Trashy History: Our Review of ‘Gauguin’

Posted in Movies, Theatrical by - July 16, 2018
Trashy History: Our Review of ‘Gauguin’

There’s a version of Paul Gauguin, the French painter, who exists through legitimate teaching and through personal sleuthing. And there’s the other version. The overtly sympathetic, laughable version of him. Gauguin slightly veers towards the latter, unfortunately. It shows him (Vincent Cassel) as someone more popular in the art world than he is to buyers. His friends and him meet at a bar, sending him off to Tahiti, away from the moral hypocrisies of France. Supporters of him, who include his descendants, have exercised in some mental gymnastics as to what this is. What this is is a grown man going to the colonies to ‘find himself’.

But fine, let’s indulge this fantasy. Gauguin only dedicates more than ten minutes to Gauguin’s home country, France. It then uses the rest of its running time to show him exploring Tahiti, sometimes on horseback. There’s literally no aesthetic difference between the drab, smoky, Parisian bars and the rainy forests of Tahiti. There are moments of greenery but director both stole those shots from better movies and they’re few and far between. It’s a feat to have a biopic to be this joyless and be without levity. It should list that as one of its accomplishments, if you can call it that.

Part of the reason, as one can guess, that this movie isn’t good is because its subject is human trash. It’s going to be difficult to justify the actions of such an unsympathetic person. Despite being destitute, Gauguin still takes on an underage Tahitian bride, Tehura (Tuhei Adams). This fictionalized version of her garners mixed results. She’s intuitive, intelligent, and takes an interest in his work. She eventually becomes his model and muse, which she ‘likes’. Adams is three years older than when the real Gauguin married Tehura. Casting a slightly older actress in that character somehow pardons the age difference between their real life counterparts.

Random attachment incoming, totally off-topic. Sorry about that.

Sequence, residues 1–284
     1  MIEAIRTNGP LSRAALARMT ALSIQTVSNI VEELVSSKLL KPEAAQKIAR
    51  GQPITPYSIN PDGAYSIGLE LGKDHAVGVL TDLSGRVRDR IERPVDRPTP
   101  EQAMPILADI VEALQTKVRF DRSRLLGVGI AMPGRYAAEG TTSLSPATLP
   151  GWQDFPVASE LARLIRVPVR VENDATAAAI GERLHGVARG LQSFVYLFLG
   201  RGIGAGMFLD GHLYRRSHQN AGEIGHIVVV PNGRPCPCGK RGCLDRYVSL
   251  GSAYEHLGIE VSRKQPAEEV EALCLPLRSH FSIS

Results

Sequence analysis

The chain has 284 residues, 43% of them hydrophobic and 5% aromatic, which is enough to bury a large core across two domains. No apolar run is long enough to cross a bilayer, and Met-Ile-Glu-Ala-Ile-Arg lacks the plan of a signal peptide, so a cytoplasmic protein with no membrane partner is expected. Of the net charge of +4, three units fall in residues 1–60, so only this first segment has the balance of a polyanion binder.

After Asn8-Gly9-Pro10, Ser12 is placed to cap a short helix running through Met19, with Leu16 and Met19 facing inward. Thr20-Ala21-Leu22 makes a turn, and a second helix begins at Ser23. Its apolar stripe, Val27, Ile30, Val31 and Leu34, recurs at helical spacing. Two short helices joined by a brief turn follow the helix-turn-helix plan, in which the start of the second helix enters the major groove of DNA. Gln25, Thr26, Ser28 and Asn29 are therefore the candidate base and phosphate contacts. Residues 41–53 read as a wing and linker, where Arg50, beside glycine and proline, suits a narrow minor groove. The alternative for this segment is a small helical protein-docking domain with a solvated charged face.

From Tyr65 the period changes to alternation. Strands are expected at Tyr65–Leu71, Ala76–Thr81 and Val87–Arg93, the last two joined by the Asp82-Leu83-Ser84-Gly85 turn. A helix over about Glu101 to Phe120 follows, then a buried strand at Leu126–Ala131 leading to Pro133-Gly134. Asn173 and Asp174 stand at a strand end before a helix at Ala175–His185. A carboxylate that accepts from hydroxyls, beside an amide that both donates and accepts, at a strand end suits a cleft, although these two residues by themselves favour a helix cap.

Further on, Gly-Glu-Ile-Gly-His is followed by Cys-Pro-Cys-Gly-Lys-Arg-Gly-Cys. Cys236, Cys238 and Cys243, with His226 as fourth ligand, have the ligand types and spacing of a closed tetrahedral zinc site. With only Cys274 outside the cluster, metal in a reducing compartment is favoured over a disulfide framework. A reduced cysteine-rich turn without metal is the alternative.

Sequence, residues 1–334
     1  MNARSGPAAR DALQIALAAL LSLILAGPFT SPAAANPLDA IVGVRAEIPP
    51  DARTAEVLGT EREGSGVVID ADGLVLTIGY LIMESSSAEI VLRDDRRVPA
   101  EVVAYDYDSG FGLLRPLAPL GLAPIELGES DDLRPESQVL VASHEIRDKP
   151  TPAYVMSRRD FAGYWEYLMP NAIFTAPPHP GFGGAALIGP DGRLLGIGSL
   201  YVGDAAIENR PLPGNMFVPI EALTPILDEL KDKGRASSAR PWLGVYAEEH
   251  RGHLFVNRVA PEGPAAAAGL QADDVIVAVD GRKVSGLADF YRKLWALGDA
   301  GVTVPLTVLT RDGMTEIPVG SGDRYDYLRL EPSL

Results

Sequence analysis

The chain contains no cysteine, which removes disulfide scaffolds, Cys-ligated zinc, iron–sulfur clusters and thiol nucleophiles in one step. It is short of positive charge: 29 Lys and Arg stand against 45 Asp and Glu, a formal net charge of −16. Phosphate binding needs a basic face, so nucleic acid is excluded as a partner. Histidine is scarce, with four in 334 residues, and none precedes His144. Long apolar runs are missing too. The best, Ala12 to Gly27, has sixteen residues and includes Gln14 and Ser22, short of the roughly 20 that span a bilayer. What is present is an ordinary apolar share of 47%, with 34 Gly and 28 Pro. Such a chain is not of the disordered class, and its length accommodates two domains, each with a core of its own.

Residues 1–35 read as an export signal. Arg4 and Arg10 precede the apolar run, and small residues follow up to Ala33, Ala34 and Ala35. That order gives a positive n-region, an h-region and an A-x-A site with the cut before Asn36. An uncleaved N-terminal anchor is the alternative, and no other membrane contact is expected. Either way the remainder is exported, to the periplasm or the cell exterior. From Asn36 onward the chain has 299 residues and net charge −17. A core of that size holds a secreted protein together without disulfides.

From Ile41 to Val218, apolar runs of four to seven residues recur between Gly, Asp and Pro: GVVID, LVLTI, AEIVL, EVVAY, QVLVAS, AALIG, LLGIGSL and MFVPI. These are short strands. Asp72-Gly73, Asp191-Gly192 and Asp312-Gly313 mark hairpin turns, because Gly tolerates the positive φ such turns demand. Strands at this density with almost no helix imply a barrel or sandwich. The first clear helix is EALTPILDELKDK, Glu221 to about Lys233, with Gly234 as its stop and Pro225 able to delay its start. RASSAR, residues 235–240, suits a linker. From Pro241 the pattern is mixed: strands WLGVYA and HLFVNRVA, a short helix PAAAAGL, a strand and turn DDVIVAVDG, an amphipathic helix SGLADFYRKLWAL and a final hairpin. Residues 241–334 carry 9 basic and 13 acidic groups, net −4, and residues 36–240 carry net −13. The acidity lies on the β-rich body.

Another central relationship is the one between Gauguin and his doctor, Henri Vallin (Malik Zidi). Vallin starts out a strict person who wants Gauguin to return to France. Eventually he pours out drinks for the latter as they joke around on the beach. Their conversations are about how the former justifies his stay in Tahiti. He still has faith in his art, and it’s nice, admittedly, to have someone pulling for him. Despite receiving mixed reviews in his lifetime, he made a name for himself, influencing a generation of post-impressionist artists. But this film fudges some established facts about him, making for an uncomfortable viewing.

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While Paolo Kagaoan is not taking long walks in shrubbed areas, he occasionally watch movies and write about them. His credentials are as follows: he has a double major in English and Art History. This means that, for example, he will gush at the art direction in the Amityville house and will want to live there, which is a terrible idea because that house has ghosts. Follow him @paolokagaoan on Instagram but not while you're working.
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